December 7, 2021

Image credit: DW

New Zealand is reopening its doors to travellers who have been vaccinated

New Zealand’s intentions to reopen its borders and enable foreigners to enter the country next year have been revealed.

Visitors who are fully vaccinated can enter starting on April 30 and will be required to self-isolate for seven days after they arrive.

From early next year, more New Zealanders will be able to go home under the same conditions. The action relaxes tight restrictions that have kept many citizens and visitors out since the COVID epidemic began when borders were slammed shut.

On Monday, COVID-19 Response Minister Chris Hipkins detailed the planned staged reopening, saying it is “the safest strategy to ensure risk is carefully managed.”

Fully vaccinated New Zealand citizens and residents who are currently in Australia will be able to return from the 16th of January onwards in the first phase of the re-opening.

New Zealanders who are currently residing in any other country will be able to enter on February 13th.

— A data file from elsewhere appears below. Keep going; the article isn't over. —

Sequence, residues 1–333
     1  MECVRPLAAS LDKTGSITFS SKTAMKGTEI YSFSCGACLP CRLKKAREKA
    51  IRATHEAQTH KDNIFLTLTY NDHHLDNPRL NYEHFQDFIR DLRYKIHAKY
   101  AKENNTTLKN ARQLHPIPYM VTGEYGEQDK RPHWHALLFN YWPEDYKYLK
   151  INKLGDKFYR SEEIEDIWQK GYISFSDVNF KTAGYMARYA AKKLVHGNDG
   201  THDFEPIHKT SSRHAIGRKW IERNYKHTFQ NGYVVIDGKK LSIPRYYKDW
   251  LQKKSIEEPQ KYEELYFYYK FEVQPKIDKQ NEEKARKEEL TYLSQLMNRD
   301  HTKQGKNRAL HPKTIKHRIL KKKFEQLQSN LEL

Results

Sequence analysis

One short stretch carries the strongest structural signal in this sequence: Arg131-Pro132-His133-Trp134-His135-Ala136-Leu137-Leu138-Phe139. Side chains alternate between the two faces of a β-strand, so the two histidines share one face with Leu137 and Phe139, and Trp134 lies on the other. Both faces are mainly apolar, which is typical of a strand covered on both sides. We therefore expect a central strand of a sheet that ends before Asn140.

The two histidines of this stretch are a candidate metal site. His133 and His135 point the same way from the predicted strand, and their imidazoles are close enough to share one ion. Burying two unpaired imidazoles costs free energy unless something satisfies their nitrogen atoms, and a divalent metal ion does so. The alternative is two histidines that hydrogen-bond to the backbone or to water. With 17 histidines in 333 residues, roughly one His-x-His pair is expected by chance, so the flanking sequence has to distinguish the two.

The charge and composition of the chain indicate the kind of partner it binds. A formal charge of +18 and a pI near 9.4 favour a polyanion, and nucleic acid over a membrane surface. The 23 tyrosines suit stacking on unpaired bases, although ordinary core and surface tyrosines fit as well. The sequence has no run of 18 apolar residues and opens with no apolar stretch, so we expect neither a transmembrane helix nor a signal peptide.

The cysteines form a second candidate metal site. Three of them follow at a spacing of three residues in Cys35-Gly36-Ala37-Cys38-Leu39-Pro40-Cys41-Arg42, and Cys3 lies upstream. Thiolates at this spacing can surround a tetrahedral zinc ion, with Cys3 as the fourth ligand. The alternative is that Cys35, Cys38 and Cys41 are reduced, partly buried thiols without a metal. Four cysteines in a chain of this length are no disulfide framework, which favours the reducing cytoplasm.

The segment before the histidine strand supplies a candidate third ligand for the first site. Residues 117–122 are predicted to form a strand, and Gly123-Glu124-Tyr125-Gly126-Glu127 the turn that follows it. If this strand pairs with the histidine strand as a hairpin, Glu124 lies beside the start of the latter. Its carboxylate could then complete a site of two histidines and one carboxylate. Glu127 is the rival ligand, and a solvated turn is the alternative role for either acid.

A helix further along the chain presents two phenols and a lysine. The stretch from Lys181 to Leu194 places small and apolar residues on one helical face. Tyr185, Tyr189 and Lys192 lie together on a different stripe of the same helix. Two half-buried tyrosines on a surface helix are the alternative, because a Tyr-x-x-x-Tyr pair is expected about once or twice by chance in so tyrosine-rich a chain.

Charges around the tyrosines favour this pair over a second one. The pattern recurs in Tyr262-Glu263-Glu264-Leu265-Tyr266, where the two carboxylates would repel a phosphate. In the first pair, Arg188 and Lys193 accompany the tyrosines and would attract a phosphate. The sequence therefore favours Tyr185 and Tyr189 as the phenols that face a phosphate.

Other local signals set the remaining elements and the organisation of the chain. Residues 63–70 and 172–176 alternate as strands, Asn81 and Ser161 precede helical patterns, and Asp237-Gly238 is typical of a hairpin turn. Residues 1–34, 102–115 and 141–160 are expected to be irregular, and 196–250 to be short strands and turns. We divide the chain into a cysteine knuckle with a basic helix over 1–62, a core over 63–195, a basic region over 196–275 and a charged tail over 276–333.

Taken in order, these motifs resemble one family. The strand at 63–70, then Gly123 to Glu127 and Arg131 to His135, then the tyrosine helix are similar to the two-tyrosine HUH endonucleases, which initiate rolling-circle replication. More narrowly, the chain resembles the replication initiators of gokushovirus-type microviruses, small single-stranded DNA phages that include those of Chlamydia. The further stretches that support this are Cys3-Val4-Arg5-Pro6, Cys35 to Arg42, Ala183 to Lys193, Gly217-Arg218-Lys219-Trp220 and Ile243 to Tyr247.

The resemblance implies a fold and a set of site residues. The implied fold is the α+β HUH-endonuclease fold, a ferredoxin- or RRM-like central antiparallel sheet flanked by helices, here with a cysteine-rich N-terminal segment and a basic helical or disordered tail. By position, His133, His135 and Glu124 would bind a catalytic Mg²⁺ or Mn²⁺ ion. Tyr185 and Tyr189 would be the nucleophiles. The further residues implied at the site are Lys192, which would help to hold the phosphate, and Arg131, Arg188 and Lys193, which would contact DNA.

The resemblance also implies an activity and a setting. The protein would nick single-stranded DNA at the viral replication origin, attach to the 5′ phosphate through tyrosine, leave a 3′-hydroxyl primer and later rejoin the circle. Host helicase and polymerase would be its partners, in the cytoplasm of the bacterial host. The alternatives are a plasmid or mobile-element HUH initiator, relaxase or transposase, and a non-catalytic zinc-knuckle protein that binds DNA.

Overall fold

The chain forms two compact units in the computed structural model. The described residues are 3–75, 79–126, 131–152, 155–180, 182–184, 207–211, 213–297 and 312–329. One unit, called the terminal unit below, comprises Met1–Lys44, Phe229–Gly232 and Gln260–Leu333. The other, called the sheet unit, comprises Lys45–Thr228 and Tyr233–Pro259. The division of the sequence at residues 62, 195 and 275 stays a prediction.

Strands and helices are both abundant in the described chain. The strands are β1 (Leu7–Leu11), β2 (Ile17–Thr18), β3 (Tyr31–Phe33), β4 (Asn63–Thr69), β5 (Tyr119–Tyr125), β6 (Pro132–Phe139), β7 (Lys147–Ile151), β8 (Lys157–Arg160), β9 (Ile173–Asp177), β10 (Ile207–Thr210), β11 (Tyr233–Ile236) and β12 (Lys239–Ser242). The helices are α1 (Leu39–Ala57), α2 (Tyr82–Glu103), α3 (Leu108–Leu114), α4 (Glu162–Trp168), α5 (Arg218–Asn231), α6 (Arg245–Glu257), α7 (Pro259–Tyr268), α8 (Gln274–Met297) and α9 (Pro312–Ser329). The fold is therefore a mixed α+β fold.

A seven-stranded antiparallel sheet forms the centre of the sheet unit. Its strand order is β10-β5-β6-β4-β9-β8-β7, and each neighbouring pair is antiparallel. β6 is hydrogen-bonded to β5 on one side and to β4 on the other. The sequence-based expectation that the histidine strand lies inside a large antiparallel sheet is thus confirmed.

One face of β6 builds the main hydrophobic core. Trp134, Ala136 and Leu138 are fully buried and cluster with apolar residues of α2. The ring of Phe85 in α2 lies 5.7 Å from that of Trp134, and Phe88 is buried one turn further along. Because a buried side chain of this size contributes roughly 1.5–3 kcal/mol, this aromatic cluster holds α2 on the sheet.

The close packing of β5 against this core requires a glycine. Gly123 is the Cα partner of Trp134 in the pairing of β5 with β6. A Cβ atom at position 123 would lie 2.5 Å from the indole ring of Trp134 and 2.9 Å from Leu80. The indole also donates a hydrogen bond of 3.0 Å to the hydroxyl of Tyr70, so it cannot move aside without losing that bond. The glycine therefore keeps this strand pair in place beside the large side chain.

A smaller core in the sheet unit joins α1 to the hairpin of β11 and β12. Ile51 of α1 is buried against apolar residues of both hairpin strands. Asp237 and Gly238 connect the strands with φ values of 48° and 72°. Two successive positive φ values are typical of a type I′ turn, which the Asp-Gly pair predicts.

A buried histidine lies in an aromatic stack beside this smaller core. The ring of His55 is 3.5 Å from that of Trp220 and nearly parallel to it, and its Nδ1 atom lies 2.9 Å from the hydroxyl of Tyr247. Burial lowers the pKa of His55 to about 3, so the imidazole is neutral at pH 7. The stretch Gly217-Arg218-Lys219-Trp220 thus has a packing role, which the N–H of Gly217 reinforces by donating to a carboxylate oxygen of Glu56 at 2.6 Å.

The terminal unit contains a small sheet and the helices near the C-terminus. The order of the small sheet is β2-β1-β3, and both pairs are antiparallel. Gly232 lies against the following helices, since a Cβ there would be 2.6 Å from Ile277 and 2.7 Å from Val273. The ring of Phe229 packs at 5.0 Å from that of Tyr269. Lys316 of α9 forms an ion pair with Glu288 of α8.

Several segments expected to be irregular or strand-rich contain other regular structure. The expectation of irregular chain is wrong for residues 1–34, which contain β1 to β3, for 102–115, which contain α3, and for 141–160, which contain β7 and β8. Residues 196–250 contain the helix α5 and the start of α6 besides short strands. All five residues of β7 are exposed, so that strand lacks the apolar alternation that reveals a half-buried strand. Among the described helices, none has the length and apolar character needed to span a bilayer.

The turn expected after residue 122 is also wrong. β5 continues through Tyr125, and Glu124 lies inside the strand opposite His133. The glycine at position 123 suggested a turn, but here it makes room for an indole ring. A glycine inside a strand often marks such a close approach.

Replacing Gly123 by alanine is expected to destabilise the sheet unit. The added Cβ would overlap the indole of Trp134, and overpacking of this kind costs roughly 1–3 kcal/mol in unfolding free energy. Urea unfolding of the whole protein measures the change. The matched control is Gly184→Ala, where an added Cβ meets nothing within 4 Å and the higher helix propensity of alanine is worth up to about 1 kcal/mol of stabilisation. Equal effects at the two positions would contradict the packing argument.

From April 30th, foreign visitors will be the final group allowed entry into the country. All travellers must be fully vaccinated, self-isolated for seven days, and have their COVID levels tested upon arrival.

Only New Zealand citizens and permanent residents are currently permitted to enter the country, and they must stay in government-run quarantine motels for seven days. The rules have effectively kept away many New Zealanders who seek to return because they have restricted spaces.

New Zealand was one of the first countries in the world to close its borders early in the pandemic, as part of a widely praised firm stance against COVID that resulted in few deaths. Aside from the travel restrictions, it used swift, harsh lockdowns to put an end to previous outbreaks.

However, the government has struggled to combat the virus’s extremely infectious Delta strain, forcing Prime Minister Jacinda Ardern to shift her approach from total COVID eradication to promoting higher vaccination rates and treating the virus is endemic.

It had set up a travel bubble with Australia earlier this year but had to call it off months later due to outbreaks in both nations.